Up first in our installation process was our semi-modular power supply, which fit quite nicely in the base of the PM02. While we did have plenty of room to work with, larger power supplies may encounter cable clearance issues with the 3.5″ drive cage.
Next up was our motherboard, and before we could place the unit into the case, we had to install all nine of the motherboard standoffs. While this isn’t a difficult task by any means, we always appreciate when the standoffs are installed at the factory, especially with a painted interior like the one on the PM02, as it can be a bit tedious to get the threads lined up when they have a coat of paint covering them.
With the standoffs installed we had no issues getting out motherboard into place, and the two cutouts with rubber grommets were in the perfect spot to route our required cabling.
Next to be installed was our graphics card, and while its installation was pretty standard, we did want to point out the hinged door at the rear of the case that secures the add-in cards to the PM02.
At first we liked the idea of four screws keeping everything in place, but once we were installing our videocard, we realized the downside to this design. Without a screw holding each add-in slot cover in place, they were constantly falling out, leading to a mildly annoying portion of the build process that is usually quick and easy.
With all of the cover lined up, we were able to swing the door back into place and secure it with the four included screws.
Moving behind the motherboard tray, we chose to install our 2.5″ drive in the bottom tool-less drive tray. This is where we ran into a bit of a design flaw, as the trays themselves feature a molded image showing how to orient your drive in the tray.
If you mount a 2.5″ drive with the SATA power and data connections on the side that the tray displays, when you close the tray the locking mechanism will block your cables.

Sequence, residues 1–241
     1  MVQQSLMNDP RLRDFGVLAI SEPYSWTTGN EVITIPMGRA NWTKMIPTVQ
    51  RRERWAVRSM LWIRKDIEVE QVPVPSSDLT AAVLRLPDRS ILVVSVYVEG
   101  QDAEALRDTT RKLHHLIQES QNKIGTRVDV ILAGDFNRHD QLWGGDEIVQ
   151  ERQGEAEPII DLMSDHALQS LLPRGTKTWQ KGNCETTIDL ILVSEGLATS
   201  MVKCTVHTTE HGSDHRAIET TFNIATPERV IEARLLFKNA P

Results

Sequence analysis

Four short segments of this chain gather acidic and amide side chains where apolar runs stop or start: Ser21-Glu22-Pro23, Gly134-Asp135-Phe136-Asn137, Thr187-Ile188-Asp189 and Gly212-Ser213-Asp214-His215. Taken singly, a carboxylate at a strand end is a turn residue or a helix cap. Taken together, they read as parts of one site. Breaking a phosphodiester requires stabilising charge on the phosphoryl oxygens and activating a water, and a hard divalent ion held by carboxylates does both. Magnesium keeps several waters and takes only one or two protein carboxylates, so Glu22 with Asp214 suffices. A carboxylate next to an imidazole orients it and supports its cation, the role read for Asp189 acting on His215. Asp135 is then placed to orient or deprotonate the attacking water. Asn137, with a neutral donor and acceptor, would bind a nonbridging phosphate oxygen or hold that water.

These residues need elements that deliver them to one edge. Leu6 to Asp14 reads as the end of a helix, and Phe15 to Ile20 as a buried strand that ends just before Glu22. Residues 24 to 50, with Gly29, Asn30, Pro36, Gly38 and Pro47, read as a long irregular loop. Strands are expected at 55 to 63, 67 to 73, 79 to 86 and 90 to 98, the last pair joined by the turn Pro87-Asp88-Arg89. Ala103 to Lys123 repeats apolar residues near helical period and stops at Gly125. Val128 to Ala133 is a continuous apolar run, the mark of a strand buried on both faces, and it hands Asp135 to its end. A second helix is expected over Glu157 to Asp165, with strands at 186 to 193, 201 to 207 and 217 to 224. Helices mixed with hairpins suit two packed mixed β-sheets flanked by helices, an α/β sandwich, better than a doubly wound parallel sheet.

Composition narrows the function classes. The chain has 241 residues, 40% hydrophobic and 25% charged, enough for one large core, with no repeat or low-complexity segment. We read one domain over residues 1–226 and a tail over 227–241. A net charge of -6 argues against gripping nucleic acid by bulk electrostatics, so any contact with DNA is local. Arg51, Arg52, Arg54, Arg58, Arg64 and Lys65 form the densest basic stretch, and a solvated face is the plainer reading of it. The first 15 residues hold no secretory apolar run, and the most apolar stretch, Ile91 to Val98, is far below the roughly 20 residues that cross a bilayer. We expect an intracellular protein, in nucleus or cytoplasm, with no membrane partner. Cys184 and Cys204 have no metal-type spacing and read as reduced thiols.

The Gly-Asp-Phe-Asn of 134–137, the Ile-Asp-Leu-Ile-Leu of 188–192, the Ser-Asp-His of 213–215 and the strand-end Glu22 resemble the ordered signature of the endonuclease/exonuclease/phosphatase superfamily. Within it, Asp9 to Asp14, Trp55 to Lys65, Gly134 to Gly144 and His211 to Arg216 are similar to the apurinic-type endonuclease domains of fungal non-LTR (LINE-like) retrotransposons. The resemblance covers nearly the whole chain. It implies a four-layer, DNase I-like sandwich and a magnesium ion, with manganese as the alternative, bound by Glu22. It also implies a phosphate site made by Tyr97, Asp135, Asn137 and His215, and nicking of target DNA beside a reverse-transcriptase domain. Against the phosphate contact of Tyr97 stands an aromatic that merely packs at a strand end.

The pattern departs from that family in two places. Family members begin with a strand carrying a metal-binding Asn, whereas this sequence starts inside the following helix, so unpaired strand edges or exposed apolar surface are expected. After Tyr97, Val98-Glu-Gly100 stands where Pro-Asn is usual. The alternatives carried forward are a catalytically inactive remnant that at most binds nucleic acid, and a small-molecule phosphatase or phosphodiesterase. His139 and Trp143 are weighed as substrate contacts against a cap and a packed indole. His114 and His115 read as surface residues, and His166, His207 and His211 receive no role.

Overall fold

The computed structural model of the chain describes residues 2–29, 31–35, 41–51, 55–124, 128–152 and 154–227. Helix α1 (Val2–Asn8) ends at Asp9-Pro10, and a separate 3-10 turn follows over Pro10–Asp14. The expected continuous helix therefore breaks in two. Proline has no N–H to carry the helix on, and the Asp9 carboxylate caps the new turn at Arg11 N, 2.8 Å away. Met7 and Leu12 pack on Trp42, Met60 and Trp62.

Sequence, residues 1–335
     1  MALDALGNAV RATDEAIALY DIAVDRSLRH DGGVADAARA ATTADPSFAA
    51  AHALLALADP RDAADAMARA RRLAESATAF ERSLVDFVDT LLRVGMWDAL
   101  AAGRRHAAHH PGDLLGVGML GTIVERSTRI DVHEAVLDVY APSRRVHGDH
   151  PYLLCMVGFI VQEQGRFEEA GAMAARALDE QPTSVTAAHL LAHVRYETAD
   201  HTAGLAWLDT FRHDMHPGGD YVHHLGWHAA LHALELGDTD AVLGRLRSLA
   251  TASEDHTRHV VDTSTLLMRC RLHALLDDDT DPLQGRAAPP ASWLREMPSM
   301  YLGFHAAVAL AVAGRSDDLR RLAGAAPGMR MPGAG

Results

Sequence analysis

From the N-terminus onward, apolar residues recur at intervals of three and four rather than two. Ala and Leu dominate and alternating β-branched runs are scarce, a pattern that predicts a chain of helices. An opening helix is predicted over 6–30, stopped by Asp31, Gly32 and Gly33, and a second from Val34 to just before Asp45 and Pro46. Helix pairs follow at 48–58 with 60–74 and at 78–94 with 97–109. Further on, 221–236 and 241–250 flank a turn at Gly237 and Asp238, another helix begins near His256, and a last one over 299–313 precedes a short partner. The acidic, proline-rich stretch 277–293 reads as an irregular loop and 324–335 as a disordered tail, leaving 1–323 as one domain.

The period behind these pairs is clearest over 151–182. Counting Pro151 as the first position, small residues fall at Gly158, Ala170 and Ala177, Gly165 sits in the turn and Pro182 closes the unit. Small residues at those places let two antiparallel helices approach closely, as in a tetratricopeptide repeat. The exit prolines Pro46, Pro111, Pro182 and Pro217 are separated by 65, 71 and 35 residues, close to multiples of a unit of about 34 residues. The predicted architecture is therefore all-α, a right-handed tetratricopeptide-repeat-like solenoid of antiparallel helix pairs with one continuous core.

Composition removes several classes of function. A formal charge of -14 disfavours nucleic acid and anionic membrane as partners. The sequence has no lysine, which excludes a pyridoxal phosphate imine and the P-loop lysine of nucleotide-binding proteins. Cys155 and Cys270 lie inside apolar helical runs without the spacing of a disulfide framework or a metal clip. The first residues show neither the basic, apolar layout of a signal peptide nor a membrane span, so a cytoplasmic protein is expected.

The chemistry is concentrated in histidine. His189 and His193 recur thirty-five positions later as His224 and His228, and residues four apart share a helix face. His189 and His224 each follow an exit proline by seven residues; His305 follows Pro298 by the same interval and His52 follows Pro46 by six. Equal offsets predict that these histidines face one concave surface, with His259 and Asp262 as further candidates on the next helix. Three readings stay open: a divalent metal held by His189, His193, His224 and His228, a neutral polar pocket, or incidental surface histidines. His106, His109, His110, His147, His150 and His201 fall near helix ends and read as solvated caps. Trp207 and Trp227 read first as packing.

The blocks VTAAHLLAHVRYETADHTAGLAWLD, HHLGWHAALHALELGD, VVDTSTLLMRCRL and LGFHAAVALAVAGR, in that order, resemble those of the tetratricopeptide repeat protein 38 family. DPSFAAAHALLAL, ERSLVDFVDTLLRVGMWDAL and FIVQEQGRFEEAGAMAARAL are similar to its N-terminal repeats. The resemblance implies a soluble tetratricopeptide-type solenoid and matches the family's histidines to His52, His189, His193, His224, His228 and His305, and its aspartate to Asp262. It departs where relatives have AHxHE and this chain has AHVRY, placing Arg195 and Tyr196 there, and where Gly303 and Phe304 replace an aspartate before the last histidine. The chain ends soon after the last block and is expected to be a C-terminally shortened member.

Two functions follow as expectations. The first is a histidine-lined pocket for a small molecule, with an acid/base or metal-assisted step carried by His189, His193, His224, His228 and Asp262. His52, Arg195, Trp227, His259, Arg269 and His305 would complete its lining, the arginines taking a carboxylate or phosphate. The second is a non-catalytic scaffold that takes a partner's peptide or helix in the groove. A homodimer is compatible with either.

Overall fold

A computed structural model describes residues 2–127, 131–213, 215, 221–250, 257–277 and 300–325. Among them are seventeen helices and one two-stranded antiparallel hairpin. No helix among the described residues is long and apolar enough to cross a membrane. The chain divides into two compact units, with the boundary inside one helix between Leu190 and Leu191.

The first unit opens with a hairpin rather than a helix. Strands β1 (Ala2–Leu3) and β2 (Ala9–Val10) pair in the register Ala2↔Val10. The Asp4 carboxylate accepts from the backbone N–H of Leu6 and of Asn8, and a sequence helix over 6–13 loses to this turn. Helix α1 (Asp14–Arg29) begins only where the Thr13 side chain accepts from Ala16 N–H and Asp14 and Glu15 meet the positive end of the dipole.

Flipping the drive over to place the connectors towards the right side of the tray remediated this issue, and other than that little hiccup we really liked how these trays operated.
With all of our components in place, our last task was to tidy things up. Using the supplied velcro straps we were able to route all of our cables quite nicely. At no point did we feel like we were having to fight against the cable management components and their positioning. There is quite a bit of room behind the motherboard panel, and when replacing the side panel, at no point did we have to cram things in to get the panel back in place.
The component side of the case is quite clean in our experience, and the white interior is a stark contrast to the multiple colors of components available to today’s builders. The only complaint we have with the interior look of the finished build are the rectangular cutouts for the 2.5″ drive trays that sit between the front case fans and the rubber cable management grommets. This is probably only really an issue in the white version of the PM02, as on the black version these would blend right in.
Once powered up, the SilverStone PM02’s previously mentioned LED projector places a glowing blue “SilverStone” image below the front panel of the case, which adds a unique look to the case.
Unfortunately, the PM02 doesn’t allow you to change the projected image. We would have loved the option to make our own stencil to show our gaming handle, or some other unique message in this place. That being said, we are sure that the more adventurous builders will be able to customize this feature to their liking.